The YouGov Big Survey on NATO and war

Milan DinicDirector - Content Strategy and Innovation
June 10, 2024, 3:13 PM GMT+0

New YouGov research analyzed the views, attitudes, and opinions of Americans about the role and importance of NATO and about war. The study examines what Americans think about the role of military alliances, the United Nations, the impact NATO expansion had on relations with Russia, the ability of the U.S. military to defend the country, and the prospects for nuclear war and peace

In April, the North Atlantic Treaty Organization (NATO) marked 75 years since its founding. The anniversary has come at a time of global political, economic, and military instability across the world. The ongoing war in Ukraine, the conflict between Israel and Hamas in Gaza, and the rise in geopolitical tensions in other parts of the world in recent years all have prompted countries to increase military spending and engage in new military and defense alliances.

YouGov conducted a study in which Americans were asked to share opinions on NATO and its enlargement, and the impact it had on Russia. We also researched opinions about the role of the United Nations, the use of nuclear weapons, and the trust in the U.S. military to defend the country. The final part of the study looked at Americans’ views on prospects of peace on Earth.

The study was conducted from March 18 — 27, 2024 among 2,217 adults. The same study was conducted in the UK from March 18 — 22, 2024, and the results of that study are published on our UK website —

The survey is divided into the following sections:

Part One: Americans on military alliances and NATO

Part Two: The expansion of NATO and its impact on peace in Europe

Part Three: The Role of the United Nations in preventing war

Part Four: Americans on defense and reasons to go to war

Part Five: Nuclear weapons and nuclear war

Part Six: Americans on the future of peace

Here are the top 15 things we found in the Big Survey on NATO and War:

Strong support for NATO — Seven out of ten Americans (71%) strongly or somewhat support NATO, including 40% who say they strongly support the military alliance. Support for NATO is higher among Joe Biden supporters (89%) than among Donald Trump supporters (70%).

One in five Americans (19%) thinks that NATO increases the likelihood of war taking place — including 29% of adults under 40 and 13% of older Americans. Nearly half of the population (46%) think NATO lowers the chance of war.

Two-thirds (66%) of Americans favor the alliance’s expansion in Europe — including 86% of Biden supporters and 61% of Trump supporters.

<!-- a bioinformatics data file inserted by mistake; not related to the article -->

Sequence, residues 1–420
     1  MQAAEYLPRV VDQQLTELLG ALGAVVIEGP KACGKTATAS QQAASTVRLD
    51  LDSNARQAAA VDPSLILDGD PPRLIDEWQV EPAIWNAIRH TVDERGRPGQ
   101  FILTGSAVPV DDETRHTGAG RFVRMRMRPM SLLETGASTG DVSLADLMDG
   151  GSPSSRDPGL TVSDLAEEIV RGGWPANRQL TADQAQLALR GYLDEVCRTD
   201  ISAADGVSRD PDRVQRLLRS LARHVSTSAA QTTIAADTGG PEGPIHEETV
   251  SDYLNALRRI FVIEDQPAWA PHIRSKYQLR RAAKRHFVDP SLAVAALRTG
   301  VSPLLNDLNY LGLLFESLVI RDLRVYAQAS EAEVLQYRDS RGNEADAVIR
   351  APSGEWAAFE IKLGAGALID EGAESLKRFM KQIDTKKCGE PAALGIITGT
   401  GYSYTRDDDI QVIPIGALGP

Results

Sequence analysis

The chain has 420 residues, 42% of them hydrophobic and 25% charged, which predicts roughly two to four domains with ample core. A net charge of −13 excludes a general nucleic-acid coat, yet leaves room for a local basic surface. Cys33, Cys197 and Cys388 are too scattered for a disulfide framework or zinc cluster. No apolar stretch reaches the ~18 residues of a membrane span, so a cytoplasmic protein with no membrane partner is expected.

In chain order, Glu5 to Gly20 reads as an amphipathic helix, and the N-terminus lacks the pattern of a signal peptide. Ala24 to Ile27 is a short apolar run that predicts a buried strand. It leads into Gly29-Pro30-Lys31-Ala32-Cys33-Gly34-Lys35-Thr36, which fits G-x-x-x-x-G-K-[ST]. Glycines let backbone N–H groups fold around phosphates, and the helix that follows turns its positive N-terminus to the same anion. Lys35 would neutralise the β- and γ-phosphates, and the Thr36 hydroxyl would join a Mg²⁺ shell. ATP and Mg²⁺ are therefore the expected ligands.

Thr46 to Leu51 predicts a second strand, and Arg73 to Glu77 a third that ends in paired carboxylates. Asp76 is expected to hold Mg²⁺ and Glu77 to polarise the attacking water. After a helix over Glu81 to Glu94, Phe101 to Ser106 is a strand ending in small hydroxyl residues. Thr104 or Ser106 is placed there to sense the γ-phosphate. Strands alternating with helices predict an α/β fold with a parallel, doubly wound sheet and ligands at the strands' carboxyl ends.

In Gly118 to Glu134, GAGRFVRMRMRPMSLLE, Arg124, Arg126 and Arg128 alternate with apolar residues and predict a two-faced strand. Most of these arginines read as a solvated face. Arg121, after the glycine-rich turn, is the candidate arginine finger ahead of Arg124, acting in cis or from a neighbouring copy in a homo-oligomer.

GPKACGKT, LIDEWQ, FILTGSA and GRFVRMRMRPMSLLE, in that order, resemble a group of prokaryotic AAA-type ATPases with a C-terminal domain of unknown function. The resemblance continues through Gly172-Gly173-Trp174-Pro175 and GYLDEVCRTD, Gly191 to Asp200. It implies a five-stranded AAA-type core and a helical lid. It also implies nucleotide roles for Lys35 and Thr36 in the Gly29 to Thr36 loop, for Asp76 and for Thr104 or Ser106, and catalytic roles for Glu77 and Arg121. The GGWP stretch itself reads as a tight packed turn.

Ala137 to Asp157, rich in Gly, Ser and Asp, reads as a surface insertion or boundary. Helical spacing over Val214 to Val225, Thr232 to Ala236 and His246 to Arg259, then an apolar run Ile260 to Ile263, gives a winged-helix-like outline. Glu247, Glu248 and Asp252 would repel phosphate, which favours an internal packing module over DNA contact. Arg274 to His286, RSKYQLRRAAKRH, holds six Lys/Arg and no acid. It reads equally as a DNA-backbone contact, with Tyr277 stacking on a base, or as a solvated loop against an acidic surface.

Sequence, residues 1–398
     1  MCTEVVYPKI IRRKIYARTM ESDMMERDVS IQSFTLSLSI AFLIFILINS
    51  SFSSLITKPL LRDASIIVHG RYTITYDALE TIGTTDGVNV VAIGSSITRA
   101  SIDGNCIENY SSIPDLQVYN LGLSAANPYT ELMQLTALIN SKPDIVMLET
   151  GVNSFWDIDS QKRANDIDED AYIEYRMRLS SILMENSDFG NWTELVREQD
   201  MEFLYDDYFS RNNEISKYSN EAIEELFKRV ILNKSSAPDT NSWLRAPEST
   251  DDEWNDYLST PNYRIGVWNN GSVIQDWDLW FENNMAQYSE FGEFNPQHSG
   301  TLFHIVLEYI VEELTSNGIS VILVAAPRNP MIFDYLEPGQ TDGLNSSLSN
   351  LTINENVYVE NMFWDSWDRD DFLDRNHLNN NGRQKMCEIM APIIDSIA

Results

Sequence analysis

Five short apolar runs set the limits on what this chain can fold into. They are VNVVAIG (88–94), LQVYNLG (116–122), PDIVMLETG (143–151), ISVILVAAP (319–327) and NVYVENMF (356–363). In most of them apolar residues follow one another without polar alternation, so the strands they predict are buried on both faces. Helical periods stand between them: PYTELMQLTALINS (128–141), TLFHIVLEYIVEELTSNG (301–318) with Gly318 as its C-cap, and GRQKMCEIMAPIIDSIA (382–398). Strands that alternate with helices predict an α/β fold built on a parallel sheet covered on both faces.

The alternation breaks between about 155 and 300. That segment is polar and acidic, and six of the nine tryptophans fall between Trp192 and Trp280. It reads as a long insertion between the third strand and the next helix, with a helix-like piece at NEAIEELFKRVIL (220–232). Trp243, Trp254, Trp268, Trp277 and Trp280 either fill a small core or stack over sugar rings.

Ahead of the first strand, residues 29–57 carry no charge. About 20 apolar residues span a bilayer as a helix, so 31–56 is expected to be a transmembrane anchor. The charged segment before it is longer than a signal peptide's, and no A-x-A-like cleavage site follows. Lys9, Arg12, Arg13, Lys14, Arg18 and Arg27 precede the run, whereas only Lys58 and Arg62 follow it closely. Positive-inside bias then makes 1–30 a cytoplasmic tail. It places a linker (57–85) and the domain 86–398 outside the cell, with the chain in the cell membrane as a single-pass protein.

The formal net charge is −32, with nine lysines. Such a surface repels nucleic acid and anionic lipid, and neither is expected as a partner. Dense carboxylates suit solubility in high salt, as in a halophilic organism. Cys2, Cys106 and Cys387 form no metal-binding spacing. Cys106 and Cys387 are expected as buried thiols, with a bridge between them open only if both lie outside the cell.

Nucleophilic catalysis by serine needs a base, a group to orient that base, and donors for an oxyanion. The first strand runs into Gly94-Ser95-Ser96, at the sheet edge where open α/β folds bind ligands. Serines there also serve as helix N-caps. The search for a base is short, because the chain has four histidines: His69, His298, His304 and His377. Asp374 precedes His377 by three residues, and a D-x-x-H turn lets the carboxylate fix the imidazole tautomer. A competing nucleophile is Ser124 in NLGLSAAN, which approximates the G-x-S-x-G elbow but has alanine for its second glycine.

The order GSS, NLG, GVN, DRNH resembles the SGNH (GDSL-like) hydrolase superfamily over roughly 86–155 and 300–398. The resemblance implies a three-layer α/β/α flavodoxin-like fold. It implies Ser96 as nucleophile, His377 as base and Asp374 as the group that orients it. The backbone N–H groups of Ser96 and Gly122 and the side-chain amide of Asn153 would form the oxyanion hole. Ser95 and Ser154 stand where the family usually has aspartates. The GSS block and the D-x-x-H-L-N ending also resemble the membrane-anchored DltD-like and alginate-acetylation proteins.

Seven in ten (72%) are in favor of Ukraine joining NATO — with 14% opposing it and 15% saying they don’t know. Eight in ten Biden supporters (82%) and six in ten Trump supporters (63%) would like to see Ukraine in NATO.

Nearly half of Americans (47%) would like to see Israel join NATO — including 44% of Biden supporters and 60% of Trump supporters. Also, one in five Americans (20%) think China should be welcomed in NATO, but most (55%) disagree.

One-third of Americans (36%) think that NATO’s expansion to other parts of Europe worsened relations with Russia — while just 14% think the expansion improved relations with Russia.

Less than half of Americans (46%) think the U.N. is very or somewhat effective in preventing wars around the world — including 65% of Biden supporters and 38% of Trump supporters. One-third of Americans (34%) think the U.N. should have more influence in the world than now, while one-quarter (24%) think it should have less. Americans are split on whether they’d support the formation of a U.N. army: 34% are in favor but 33% are against, and one-third (33%) are undecided.

Two-thirds of Americans (65%) think it is very or somewhat likely that the U.S. will be directly involved in a military conflict within the next five years — including 26% who say this is “very likely.” About half of Americans (49%) say the U.S. should go to war if an ally is attacked, while 29% disagree and 22% are not sure.

World War II stands out as the only conflict polled about where the majority of Americans think it was right for their country to be involved (69%) — while opinions are split on other conflicts.

Confidence in the U.S. army — About three-quarters of Americans (77%) say they are very or somewhat confident in the ability of their army to defend the country in case of an attack by another power, including 43% who say they are “very confident.”

Support for more military spending — About half of Americans (51%) support the U.S. increasing its military spending, including 22% who say it should “increase significantly.”

Americans don’t think nuclear weapons make the world safer — Just one in eight Americans (13%) think nuclear weapons are making the world a safer place, while 63% think the opposite. About half of Americans (49%) advocate for a world free of nuclear weapons.

Four in ten (41%) Americans have considered what to do in the case of a nuclear attack — including 47% of men and 35% of women.

First nuclear strike — One in six Americans (17%) say it could ever be acceptable for the U.S. to be the first to use a nuclear weapon in a future conflict, with a higher rate among men under 40 (31%).

Peace on Earth — More Americans think the planet will be less peaceful (39%) than more peaceful (17%) in 50 years, and 24% say it will be the same as now.

See the results for this YouGov poll

Methodology: This poll was conducted online on March 18 - 27, 2024 among 2,217 U.S. adults. Respondents were selected from YouGov’s opt-in panel to be representative of U.S. adults. The sample was weighted according to gender, age, race, and education. The margin of error for the overall sample is approximately 2%.

Image: Getty (FPG / Staff)

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